There has only been one ruling dynasty in Japan. According to the ancient Japanese religion Shinto (Way of the Gods,) the Emperor was the son of the Gods and Father of all Japanese people. Only he had a sacred connection with divine beings. He upheld their will and his decisions were infallible and unnegotiable. Obedience to the Emperor was akin to a child’s submission to his father. In Christianity, there is a big difference between the words ‘Father’ and ‘Parent’. Parent refers to the earthly, human father whereas Father is the Heavenly God. Hence a samurai’s Heavenly Father was the Emperor, the divine core of the Soul of Japan. Love and loyalty to the Emperor equaled love and loyalty to the nation. This sublime platonic love of the Emperor as the supreme Principle was an integral part of Bushi-Do for the Japanese samurai. Even while on the battlefield or while committing seppuku, a samurai’s last words addressed the Emperor.
A true moral is the ray of Enlightenment.
The samurai are the rulers, the enlightened warriors whose principles are intertwined with their destiny. Leaders from all eras can learn from the samurai and their simple belief that every person honorably fulfils their predetermined duty. If you are a ruler, be honest. If you are a bodyguard, give your life to protect your master. If you are a merchant, be decent. Cast aside the lies, and truth will triumph.
Painting "Like Sakura Petals" by Tatiana Berg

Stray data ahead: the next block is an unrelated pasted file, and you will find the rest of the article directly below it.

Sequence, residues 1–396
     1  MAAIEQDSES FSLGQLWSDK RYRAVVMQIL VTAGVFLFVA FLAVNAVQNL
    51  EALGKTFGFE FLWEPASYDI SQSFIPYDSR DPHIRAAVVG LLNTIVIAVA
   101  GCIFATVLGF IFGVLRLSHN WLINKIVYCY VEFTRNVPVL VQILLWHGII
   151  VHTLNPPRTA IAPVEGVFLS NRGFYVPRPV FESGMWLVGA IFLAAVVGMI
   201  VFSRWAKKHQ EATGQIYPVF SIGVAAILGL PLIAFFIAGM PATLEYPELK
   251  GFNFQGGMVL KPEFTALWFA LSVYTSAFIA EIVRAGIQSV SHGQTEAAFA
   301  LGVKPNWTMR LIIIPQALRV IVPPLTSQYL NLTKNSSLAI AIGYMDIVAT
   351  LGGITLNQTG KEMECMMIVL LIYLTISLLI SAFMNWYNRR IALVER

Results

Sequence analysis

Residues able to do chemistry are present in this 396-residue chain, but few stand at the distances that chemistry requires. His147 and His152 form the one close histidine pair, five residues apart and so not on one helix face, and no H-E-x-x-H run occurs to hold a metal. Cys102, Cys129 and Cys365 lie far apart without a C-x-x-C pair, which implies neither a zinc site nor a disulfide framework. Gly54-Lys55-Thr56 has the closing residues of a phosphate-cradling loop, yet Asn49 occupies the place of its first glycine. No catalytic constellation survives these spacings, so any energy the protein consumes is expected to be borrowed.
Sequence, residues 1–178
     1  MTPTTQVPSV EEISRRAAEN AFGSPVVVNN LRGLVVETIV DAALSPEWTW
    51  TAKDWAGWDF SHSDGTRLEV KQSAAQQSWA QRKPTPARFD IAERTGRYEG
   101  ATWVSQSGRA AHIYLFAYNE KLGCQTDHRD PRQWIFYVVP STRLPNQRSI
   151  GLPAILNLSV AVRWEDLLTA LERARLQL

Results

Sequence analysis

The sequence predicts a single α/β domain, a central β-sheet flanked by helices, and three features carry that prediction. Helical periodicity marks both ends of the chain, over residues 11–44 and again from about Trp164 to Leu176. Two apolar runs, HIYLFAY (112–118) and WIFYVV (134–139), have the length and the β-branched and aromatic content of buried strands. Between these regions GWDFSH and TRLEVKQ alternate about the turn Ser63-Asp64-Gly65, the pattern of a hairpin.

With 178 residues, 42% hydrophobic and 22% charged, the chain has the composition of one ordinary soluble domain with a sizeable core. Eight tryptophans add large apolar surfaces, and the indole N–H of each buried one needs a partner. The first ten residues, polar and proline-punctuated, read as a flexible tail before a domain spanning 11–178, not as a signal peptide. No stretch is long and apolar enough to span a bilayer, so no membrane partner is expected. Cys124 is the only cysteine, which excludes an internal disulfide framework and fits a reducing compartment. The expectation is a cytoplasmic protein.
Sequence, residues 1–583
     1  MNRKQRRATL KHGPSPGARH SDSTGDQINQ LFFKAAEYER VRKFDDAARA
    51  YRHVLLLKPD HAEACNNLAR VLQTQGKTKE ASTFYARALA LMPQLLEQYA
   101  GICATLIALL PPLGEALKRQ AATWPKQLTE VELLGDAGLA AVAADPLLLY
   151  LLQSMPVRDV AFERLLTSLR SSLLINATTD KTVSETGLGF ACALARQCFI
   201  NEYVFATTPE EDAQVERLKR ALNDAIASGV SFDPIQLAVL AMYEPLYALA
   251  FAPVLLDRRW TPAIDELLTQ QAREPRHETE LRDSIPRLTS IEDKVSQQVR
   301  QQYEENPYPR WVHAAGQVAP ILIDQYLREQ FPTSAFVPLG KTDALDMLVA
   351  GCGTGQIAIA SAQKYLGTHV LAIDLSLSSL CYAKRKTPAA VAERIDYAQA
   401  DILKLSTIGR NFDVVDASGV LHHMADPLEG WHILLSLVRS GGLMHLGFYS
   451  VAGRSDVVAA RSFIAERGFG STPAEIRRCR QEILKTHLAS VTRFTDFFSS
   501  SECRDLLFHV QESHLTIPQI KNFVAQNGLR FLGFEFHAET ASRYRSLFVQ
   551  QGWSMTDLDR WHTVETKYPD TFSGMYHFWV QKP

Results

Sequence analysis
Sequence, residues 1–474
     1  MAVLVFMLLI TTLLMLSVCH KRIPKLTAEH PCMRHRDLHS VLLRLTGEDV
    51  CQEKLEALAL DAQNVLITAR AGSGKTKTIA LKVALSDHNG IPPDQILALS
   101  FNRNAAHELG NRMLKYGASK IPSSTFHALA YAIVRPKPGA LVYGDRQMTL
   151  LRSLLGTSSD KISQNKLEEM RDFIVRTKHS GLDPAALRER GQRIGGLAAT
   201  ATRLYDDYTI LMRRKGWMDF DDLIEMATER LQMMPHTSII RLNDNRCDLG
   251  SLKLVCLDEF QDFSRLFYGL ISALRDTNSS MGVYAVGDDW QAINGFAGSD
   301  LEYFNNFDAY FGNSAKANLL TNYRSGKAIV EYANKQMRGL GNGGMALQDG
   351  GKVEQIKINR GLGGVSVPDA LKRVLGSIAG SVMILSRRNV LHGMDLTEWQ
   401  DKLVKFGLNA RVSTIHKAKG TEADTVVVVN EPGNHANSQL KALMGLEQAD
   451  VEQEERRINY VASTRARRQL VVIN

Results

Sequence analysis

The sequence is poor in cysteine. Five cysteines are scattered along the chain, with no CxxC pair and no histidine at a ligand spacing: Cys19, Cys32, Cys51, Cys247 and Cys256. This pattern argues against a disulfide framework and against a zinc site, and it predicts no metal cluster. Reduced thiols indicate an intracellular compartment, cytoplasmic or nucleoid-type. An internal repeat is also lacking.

Precious metals and jewels are not necessarily treasures. Rather, one should consider his samurai and the common people as his wealth and bring them up with gentleness and benevolence.
Labor is a blessing, respect it. Labor is essential for the spiritual growth of a human being. Doing nothing is immoral, and idleness is a sin. The samurai were obliged to assist and protect the people, even at the expense of their own lives.
The samurai were established with the function to protect the three classes from disasters caused by the robbers and thieves, and were placed above the other members of society. There is no doubt that the function of the warrior is to bring peace of mind to the other members of society. Thus, it is unreasonable for men called warriors to act in unjust and excessive ways towards the other three classes. This goes without saying for those of high rank, but also concerns men of lower status.
As a man who would be a warrior stands above the other three classes and carries the duties of administration, it is fitting that he be involved in Learning, and be able to distinguish broadly the nature of things.
A samurai should be constantly learning and training to be able to execute any duty.
A person with a bit of wisdom is one who will criticize the times.
A person’s position in the social hierarchy is never accidental. A samurai is born to bring about prosperity for others and must use his power towards this end. All problems should be solved according to giri – the sense of moral duty and honor.
It is difficult to call a man who does not understand duty a warrior.
The samurai belong in front, guiding the rest. There is an antient Japanese belief that the digger-wasp captures other insects and morphs them into its own image, so should a samurai be an example to the people.
Read further in Samurai: Spirit of the Warrior
This an abstract from the chapter "Imperial Cult" from Spirit of the Warrior by A. R. Berg